How To Not Like Talk Or Like Write, Dude

Inattention to grammatical or structural details moves the workload of understanding
from the speaker to the listener, from the writer to the reader,
and guarantees boredom, resentment or misunderstanding.


Split Infinitives

How To Like A Programmer Or Scientist Talk


An infinitive is a single unit,
composed of the particle ‘to’ plus the present stem of the verb.
The Qualls Concise English Grammar §7.24

The fact is that, to those who are uninformed, unpracticed or disconcerted, split infinitives don’t matter—these individuals apparently haven’t had a chance to know any better, they are unimformed of their detrimental effects on communication, or they just don’t care.

Yet to those of us who do understand the problem, a split infinitive slams the door of perception, in what turn out to be flacid attempts at communication. The creator of a split infinitive comes across, suddenly and fatally, as one of those benighted, misguided, illogical or indolent; the message is garbled and ineffective, painful to many listeners/readers, and ultimately indicative of inept message-construction.

If you cannot structure your message logically, what makes you presume that we should expect you to have organized the thought behind that message logically?

Thus, if you want your message to be effective, never split an infinitive.

It is a matter of logic and efficiency:
Don’t split an infinitive. Ever.

Some may try to point to historical usage in literature of different periods to bolster their slap-dash use of split infinitives.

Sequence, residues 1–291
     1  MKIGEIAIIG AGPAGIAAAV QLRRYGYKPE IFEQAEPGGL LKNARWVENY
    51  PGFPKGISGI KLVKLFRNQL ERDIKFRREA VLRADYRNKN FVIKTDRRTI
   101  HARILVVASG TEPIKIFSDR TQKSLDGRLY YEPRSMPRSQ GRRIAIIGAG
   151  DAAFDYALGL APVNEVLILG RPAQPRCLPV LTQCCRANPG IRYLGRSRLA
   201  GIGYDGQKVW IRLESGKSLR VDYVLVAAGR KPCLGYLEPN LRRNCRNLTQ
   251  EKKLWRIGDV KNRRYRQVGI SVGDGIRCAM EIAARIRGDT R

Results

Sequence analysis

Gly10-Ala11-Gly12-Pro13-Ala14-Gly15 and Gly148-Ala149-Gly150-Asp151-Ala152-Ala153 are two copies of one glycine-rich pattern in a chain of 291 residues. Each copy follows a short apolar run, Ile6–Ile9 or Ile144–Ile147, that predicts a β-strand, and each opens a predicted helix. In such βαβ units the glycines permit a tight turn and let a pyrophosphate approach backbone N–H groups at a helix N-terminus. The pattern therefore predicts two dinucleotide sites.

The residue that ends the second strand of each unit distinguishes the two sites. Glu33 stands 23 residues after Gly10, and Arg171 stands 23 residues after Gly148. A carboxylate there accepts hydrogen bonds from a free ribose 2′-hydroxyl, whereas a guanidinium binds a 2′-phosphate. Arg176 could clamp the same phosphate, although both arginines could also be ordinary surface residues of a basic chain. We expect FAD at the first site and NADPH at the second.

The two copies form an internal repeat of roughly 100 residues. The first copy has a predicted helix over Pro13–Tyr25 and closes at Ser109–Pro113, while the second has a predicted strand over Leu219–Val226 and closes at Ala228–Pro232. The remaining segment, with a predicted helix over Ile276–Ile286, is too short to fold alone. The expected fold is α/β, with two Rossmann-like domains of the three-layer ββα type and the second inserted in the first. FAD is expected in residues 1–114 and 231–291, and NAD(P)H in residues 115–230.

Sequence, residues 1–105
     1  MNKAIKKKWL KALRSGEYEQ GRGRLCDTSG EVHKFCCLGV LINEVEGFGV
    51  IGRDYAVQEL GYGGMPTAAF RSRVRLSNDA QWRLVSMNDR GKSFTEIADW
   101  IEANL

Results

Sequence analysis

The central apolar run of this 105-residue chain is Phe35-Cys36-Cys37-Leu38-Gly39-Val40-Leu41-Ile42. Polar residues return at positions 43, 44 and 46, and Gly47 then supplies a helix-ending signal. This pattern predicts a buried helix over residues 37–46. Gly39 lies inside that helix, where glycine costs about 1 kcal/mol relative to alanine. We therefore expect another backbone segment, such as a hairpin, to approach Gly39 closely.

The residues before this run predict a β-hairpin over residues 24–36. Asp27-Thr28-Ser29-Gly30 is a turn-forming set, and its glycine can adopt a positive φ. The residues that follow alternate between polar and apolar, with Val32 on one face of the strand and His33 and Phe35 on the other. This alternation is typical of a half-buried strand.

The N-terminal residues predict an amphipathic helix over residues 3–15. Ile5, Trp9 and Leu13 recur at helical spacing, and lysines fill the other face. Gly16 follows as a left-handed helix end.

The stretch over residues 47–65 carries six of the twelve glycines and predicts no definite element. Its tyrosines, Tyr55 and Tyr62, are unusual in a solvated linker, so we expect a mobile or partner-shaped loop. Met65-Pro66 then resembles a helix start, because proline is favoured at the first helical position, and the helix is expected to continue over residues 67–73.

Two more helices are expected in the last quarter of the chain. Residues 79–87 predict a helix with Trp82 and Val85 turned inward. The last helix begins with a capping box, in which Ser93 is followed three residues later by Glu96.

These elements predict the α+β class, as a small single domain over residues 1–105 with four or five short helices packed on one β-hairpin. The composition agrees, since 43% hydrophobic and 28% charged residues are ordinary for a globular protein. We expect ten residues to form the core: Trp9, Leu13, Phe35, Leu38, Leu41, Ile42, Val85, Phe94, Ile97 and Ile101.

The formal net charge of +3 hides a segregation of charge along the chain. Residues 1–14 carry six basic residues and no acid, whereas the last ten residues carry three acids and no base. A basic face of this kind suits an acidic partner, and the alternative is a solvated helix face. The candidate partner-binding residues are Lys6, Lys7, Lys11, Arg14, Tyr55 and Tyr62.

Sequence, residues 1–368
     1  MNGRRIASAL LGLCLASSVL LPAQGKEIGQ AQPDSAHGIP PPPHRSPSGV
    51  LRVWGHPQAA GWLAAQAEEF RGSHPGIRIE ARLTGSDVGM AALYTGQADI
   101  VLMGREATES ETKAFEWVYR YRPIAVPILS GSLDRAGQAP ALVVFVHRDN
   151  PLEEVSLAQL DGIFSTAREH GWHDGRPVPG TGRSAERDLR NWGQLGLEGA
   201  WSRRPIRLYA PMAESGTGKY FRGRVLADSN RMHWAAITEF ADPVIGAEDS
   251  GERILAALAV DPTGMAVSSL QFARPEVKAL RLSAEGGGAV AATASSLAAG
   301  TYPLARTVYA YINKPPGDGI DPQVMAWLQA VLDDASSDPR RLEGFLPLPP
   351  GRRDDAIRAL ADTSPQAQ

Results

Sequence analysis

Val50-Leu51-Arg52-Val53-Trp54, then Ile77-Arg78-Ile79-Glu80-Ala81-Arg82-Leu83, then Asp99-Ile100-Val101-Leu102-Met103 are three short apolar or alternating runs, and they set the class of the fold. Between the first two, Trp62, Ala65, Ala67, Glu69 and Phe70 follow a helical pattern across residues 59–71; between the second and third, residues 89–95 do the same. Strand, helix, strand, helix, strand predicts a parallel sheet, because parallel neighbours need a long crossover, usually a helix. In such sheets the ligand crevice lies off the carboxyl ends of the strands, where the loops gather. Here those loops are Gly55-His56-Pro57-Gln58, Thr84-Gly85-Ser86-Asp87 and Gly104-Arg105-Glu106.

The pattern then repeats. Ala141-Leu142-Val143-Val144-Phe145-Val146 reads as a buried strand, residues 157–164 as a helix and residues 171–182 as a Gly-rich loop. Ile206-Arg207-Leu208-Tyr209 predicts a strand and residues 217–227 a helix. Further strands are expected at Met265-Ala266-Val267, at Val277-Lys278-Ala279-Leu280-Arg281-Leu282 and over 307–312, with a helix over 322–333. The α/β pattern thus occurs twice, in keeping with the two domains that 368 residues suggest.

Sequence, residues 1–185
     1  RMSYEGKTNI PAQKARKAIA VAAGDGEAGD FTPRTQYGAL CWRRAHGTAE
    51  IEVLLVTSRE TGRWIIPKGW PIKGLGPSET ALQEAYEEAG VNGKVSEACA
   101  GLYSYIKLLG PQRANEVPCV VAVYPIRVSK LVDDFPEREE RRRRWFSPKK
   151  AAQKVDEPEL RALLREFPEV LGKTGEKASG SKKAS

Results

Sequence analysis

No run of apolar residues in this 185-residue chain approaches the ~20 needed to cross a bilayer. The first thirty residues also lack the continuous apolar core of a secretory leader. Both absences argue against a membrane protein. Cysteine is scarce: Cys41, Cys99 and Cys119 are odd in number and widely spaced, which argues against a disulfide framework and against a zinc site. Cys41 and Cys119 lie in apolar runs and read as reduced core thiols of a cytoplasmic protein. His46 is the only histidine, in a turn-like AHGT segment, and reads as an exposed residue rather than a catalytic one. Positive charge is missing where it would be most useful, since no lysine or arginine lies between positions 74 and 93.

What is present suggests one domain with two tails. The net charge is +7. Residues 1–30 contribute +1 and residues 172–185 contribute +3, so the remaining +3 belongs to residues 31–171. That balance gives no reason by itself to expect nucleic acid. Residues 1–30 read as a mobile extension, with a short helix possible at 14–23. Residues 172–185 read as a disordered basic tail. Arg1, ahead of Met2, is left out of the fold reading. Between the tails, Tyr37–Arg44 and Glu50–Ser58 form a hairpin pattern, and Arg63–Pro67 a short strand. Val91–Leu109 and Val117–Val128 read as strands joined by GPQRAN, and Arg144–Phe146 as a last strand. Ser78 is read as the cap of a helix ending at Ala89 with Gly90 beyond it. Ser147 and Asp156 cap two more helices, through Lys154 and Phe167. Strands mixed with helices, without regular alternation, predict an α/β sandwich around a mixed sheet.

However, one must interrogate the three opera that are the best of Classical English prose. The first two—the King James translation of The Bible, and the 1559/1662 Book of Common Prayer—are completely free of split infinitives. The third opus is the works of Shakespeare, in which there are only two split infinitives: that single split infinitive within Shakespeare’s plays, in Coriolanus, appears to be a printer’s mistake (the play first appears in print only some five years after Shakespeare’s death), and the single split infinitive in his poetry was done to meet the specific requirements of rhyme within that one verse. Thus we can say that the Best of English is achieved without ever splitting infinitives!

However, the need to refrain from splitting infinitives is not a mere historical exercise. Neither is it simply a pedantic concern. Indeed, it is less about the infinitive alone than it involves, eviscerates, two parts of speech!

This problematic, grammatical condition is a misuse that diminishes clarity, impedes communication, and makes the issuer of it sound like that one, perpetually inept, boring professor whose class we had to struggle seemingly eternally not to sleep through!




+1 #1 Ryan Bissell 2013-09-22 00:49
Thank you, I aspire to never again split an infinitive!
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